If you are new to referencing, take a look at our introduction to referencing tutorial.

Selecting the correct source type for your reference

You are likely to use a range of source types in your research, and each type of source requires particular information to be included in the corresponding reference.  Selecting the appropriate source type when creating a reference will help the reader to find the exact item you are referring to. This is especially important for items which are published both online and in print/paper format, as page numbers may be different or information may have been updated online but not in print.
For example, if you read a journal article online, you must include: 
  • [online],
  • the URL, and
  • the date you accessed the article, 
as well as the title, author, journal title and so on. (See our full guidance on referencing online journal articles in Harvard or Numeric). These three pieces of information should be included whenever you reference something you read online, no matter what type of document it is. 

If you download or read a PDF from a website, you must reference the actual document type, for example a book chapter, a government report or a leaflet, not the file format (PDF).

See our full guidance on how to reference different source types in Harvard or Numeric.

Harvard style

There is no definitive version of the Harvard style. You should use the Leeds version of Harvard when referencing sources in your work, and your work should also be marked using this guidance.

Numeric style

There is no definitive version of the Numeric style.

You should use the Leeds version of Numeric when referencing sources in your work, and your work should also be marked using this guidance.

MHRA style

The MHRA style is produced by the Modern Humanities Research Association.

APA, IEEE, OSCOLA and Vancouver styles

APA

This style is usually used within Psychology and related disciplines. It is produced by the American Psychological Association.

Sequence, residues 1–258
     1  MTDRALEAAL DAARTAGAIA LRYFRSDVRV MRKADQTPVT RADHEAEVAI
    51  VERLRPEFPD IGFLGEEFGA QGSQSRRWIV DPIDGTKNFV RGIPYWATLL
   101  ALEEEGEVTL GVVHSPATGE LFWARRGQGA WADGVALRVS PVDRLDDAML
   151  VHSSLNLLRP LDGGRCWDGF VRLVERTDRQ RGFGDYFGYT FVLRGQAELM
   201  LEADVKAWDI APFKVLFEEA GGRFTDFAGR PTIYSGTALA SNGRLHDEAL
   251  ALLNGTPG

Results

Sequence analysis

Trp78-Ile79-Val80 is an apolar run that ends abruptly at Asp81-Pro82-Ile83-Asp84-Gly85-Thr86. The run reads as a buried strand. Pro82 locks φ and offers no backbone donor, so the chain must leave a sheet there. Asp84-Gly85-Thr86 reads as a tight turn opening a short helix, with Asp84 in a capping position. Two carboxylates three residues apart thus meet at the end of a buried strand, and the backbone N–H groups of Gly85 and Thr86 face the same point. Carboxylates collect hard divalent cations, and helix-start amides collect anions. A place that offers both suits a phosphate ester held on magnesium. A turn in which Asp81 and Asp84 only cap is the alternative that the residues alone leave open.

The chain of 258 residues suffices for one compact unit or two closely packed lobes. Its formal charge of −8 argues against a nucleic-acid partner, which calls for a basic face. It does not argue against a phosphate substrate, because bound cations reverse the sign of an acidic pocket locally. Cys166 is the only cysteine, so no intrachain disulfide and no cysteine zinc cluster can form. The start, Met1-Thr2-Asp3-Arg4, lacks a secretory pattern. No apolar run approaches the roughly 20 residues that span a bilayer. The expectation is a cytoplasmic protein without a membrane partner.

IEEE 

The IEEE (Institute of Electrical and Electronics Engineers) style is used by the School of Electronic and Electrical Engineering.

OSCOLA

This style is used by Law Qualifying Programmes in the School of Law. It is produced by the Oxford Law Faculty at the University of Oxford.

Vancouver

This style is used in the School of Medicine. The guidelines for this style are set by the International Committee of Medical Journal Editors.

EndNote and other referencing tools

Referencing software (such as EndNote) not only helps you to store and manage your references, it also works with word-processing applications (like Microsoft Word) to automatically insert citations and create your bibliography or reference list for you.

The Leeds Harvard and Leeds Numeric referencing styles are managed and updated by the Library, and are available to use in EndNote.

You might find versions of the Leeds styles in other reference management software, online tools or apps. However, we do not endorse these tools or offer support in using them, and so we cannot vouch for the accuracy or reliability of the referencing styles they use.

Our webpages and the accompanying EndNote output style files are the only official source of guidance for the Leeds Harvard and Leeds Numeric referencing styles.

Further help